Carol Moseley Braun said Monday that the city was "snookered" by the investment company Morgan Stanley, which financed the deal to lease Chicago's parking meters to a private company. Braun said the meters were worth a lot more than the $1.2 billion paid for them, and she vowed that if elected mayor, she'd work to recover the city's losses.
"It was bad deal for Chicago and it continues to threaten to be bad for the next 75 years," said Moseley Braun.
Mayoral candidate Gery Chico challenged Braun to come up with specific plans to win a lawsuit that would not only undo the deal but repay the money.
"You can't wager with the taxpayers' money, the city treasury, to hope that some wild lawsuit will pay the dividends," he said.
Chico says he opposes the deal but accuses other candidates of holding out false hope of getting out of the deal.
Other mayoral hopefuls have expressed their interest in reversing the deal.
"This is a bad deal, and I think the next administration has to put forth a genuine effort to try and renegotiate this deal," candidate Miguel del Valle.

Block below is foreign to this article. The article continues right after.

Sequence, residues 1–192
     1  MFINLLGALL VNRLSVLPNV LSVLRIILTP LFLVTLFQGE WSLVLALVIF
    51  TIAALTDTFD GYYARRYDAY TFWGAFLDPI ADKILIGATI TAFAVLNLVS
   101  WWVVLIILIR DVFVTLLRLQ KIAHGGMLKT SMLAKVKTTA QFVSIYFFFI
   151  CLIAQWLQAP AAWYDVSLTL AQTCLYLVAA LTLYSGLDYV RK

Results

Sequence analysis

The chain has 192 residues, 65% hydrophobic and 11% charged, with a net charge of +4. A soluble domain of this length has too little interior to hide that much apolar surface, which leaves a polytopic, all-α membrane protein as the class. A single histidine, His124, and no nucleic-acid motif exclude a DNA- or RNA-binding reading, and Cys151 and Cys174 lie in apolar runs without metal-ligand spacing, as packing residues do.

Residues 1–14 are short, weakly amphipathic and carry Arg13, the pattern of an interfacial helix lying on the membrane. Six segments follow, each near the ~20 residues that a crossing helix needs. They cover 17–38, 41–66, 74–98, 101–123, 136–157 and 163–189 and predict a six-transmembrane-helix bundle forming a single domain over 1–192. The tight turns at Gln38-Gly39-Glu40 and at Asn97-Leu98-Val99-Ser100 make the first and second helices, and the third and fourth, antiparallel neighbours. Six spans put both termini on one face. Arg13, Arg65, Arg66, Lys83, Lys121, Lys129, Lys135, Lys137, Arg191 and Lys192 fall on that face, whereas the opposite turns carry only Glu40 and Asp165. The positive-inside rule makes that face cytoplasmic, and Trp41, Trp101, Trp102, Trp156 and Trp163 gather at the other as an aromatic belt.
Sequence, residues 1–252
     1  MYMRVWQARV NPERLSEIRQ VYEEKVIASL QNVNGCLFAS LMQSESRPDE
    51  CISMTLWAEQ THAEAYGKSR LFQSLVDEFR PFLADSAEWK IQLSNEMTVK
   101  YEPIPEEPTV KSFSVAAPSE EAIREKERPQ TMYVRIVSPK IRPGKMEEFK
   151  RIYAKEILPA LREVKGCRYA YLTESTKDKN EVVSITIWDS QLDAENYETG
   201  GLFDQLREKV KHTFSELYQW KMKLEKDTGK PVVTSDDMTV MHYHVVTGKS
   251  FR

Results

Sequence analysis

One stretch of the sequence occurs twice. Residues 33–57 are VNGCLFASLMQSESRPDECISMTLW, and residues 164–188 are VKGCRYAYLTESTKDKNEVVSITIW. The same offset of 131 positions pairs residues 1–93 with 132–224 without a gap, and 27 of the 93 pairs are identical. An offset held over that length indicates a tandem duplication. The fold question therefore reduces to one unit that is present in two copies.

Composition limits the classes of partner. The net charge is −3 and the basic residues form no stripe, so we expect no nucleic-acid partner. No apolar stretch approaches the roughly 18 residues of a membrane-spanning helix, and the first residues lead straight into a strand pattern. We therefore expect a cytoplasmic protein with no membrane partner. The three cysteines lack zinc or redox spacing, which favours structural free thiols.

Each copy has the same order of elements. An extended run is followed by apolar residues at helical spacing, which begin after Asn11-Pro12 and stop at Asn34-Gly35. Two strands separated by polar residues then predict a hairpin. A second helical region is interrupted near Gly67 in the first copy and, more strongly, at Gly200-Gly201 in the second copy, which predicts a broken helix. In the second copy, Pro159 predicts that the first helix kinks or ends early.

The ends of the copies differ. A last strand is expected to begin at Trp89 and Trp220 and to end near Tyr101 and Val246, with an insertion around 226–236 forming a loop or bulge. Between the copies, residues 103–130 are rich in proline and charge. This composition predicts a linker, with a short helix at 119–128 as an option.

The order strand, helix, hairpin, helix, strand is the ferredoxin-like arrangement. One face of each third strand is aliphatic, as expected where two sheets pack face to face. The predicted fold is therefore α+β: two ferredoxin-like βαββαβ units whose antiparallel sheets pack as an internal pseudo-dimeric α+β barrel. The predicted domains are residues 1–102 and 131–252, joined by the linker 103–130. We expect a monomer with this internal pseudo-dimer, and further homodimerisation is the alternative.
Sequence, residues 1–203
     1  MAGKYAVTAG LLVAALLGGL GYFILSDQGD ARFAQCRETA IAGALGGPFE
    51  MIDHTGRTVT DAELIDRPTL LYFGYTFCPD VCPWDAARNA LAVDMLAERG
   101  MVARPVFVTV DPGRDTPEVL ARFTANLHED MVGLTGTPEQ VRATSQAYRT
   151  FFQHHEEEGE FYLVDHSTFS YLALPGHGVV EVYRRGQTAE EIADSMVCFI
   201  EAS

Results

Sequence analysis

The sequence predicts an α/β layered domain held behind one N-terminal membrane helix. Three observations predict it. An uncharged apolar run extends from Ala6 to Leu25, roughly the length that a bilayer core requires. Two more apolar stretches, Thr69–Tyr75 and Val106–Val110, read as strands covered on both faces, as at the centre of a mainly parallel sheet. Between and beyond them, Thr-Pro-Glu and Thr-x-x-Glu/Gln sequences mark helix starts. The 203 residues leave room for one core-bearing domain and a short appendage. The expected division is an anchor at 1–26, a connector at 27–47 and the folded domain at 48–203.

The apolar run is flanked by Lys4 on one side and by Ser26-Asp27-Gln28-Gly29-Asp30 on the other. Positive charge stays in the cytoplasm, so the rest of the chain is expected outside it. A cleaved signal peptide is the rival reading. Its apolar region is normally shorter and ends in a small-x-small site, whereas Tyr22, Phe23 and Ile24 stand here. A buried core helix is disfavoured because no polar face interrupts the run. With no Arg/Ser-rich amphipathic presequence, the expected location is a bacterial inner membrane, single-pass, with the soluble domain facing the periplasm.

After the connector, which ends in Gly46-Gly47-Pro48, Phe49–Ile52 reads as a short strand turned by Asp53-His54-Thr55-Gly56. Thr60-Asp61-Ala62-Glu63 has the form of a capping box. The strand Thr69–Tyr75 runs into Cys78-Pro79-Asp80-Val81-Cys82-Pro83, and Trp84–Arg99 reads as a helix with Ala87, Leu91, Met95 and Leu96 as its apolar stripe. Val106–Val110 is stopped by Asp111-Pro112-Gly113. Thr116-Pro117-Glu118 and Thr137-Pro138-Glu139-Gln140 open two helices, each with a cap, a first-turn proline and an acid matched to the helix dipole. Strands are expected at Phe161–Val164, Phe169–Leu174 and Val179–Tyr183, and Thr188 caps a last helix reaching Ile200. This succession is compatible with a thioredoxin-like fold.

Alderman Scott Waguespack of the 32nd Ward voted against the deal two years ago. He says getting out of it now would be expensive. The city has already spent nearly all of the money.
"We would have to pay it back somehow. There's no getting out of jail free on this one," Waguespack said.
Legal experts say just about the only way the city could get out of the deal is for the private company to fail to live up to its end of the contract.
"The city is in a very ticklish place. Unless there's a court find of illegality, I think it would be very risky indeed for the city not to comply with its obligations," said Dean Harold Krent, IIT Chicago Kent Law School.
Parking one's car in the city got more expensive as rates at meters rose with the start of the New Year. It's an additional thorn in the side of many Chicago residents who believe they are already paying too much for parking.
"If they can make it cheaper, get whatever kind of deal, I mean, it would benefit everybody," said Anne Nathan.
There is already a lawsuit that was filed in this matter more than a year ago which basically alleges the city has no constitutional right to lease space on public streets to a private company. Even if that suit wins, however, no one has suggested how the city might repay the billion dollars it has spent.